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Anatomy - Laparoscopic spigelian herniorraphy
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Surgical anatomy of the anterior abdominal wall
1. Layer by layer anatomy
The large region comprising the anterior abdominal wall from the xiphoid process and costal margins to the pelvis is characterized by its layered structure: The skin and subcutaneous fatty tissue are followed by superficial fascias, muscles and their investing fascias, then the extraperitoneal fascia and finally the parietal peritoneum.
Particularly in the infra-umbilical anterior abdominal wall the otherwise characteristic superficial single fascia layer becomes a double-layered structure comprising a superficial fatty layer (panniculus adiposus telae subcutaneae abdominis or Camper fascia) and a deeper membranous layer (stratum membranosum telae subcutaneae abdominis or Scarpa fascia). The 5 abdominal muscles comprise:
3 oblique muscles (1. external oblique, 2. internal oblique and 3. transversus abdominis) and
2 strap muscles (4. rectus abdominis and the inconsistent 5. pyramidalis)
a) Anterior muscle
Immediately posterior to the superficial fascia it courses mediocaudad to the great aponeurosis, with both sides fusing in the midline to the white line (linea alba). Its inferior margin comprises the inguinal ligament traversing from the anterior superior iliac spine to the pubic tubercle, with the medial aspect of the inguinal ligament giving rise to the lacunar and pectineal ligaments (Gimbernat and Cooper respectively).
b) Middle muscle
Its fibers course cephalomedially and fuse with fibers from 1. to form the linea alba.
c) Most posterior muscle
Its transverse coursing fibers also conjoin with the linea alba.
Each of the three oblique abdominal muscles has its own thin anterior and posterior fascia, while the posterior aspect of the transverse abdominal muscle is covered by the firm transversalis fascia. The latter lines the abdominal cavity; cephalad it fuses with the diaphragmatic fascia and posteriorly with the thoracolumbar fascia. Caudad it inserts in the iliac crest and fuses with the endopelvic fascia.
The bilateral rectus abdominis muscle is a long straight muscle crossed by 3 – 4 tendinous intersections (“six-pack”).
The pyramidalis muscle is an inconsistent triangular muscle originating at the superior pubic ramus and inserting in the linea alba. It rests anterior to the rectus abdominis and is invested by its own sheath in the anterior lamina of the rectus sheath.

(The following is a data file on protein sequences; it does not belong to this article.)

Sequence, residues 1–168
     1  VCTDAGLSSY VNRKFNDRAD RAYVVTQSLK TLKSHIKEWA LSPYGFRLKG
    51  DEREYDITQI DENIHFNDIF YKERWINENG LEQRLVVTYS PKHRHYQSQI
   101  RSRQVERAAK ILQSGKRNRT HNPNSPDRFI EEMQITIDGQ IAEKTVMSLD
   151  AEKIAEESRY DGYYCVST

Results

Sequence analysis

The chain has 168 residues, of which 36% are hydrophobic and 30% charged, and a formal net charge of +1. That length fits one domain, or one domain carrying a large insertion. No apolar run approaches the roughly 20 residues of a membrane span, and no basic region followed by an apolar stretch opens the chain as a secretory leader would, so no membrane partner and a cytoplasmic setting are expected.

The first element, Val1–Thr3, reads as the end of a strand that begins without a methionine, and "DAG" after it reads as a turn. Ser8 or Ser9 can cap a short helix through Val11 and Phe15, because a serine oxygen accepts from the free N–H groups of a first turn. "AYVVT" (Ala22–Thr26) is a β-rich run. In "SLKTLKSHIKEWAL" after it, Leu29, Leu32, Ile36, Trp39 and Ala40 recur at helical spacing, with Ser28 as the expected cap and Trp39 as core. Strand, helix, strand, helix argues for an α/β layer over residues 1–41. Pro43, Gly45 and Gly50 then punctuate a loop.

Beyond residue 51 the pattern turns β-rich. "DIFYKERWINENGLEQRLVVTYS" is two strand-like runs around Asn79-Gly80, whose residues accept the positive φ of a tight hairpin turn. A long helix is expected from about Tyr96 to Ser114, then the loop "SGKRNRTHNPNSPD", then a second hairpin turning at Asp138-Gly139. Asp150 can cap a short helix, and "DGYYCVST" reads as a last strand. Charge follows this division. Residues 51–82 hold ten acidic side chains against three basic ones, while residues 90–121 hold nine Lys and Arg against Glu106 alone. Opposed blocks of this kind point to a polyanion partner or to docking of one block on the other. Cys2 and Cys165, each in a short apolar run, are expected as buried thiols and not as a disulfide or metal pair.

2. Fascias and peritoneum
The rectus abdominis and pyramidalis muscles are invested by the rectus sheath formed by the 3 oblique abdominal muscles. While the rectus sheath completely invests the upper 3/4 of the rectus abdominis, below the arcuate line it covers the inferior 1/4 only anteriorly; here, the posterior aspect of the rectus abdominis is covered solely by the transversalis fascia and the peritoneum. Above the midpoint between the umbilicus and the symphysis pubis, the rectus muscle has a well-defined investment, formed in front by the aponeurosis of the external oblique and the anterior lamina of the aponeurosis of the internal oblique, and behind by the aponeurosis of the transversus abdominis and the posterior lamina of the aponeurosis of the internal oblique.
Depending on its location, the extraperitoneal space between the transversalis fascia and the peritoneum may be well or ill defined. The retroperitoneal abdominal organs are located in the retroperitoneum. At the anterior abdominal wall, this narrow space (e.g., at the deep inguinal ring) often is termed spatium praeperitoneale (preperitoneal space).
The peritoneum (parietal serosa) forms the completely closed (except for the fallopian tubes in women) peritoneal cavity, with the visceral peritoneum covering the intraperitoneal organs. Inferior to the umbilicus it retains three folds:
Single median umbilical fold (obliterated urachus/embryological urinary tract),
Left and right medial umbilical fold (former umbilical artery),
Left and right lateral umbilical fold (inferior epigastric vessels).
3. Innervation and blood supply
The anterior abdominal wall is innervated by the anterior branches of spinal nerves Th7 to Th11, Th12 (subcostal nerve) and L1 (iliohypogastric and ilioinguinal nerves).
The internal thoracic artery supplies the superior region of the superficial blood supply (→ musculophrenic artery), while the inferior region is supplied by the superficial epigastric and superficial circumflex iliac arteries (both being branches of the femoral artery). The superior epigastric artery supplies the superior region of the deep blood supply (← internal thoracic artery), while the lateral region is supplied by the intercostal arteries and the inferior region by the inferior epigastric and deep circumflex iliac arteries (both being branches of the external iliac artery). Venous drainage is via the corresponding veins.
Anatomy of spigelian hernia
Spigelian hernias are hernias of the linea semilunaris and mostly located where the latter crosses the semicircular line of Douglas (also known as the arcuate line) (point of least resistance).
The arcuate line is the lateral commissure of the rectus sheath and extends from the costal cartilage of the 9th rib down to the symphysis pubis. Where it fuses mediad with the tails of the aponeurosis of the external oblique to form the anterior rectus sheath, it is termed spigelian fascia. Usually, these hernias are located at the level of the inferior margin of the posterior rectus sheath.
Clinically, spigelian hernias present as a protrusion in the lateral lower quadrant, at about the projection of McBurney’s point. The hernia sac may include intestine, omentum, ovary etc.
Spigelian hernias are always acquired and become manifest between the fourth and seventh decade, with no gender predominance. Incarceration is rare.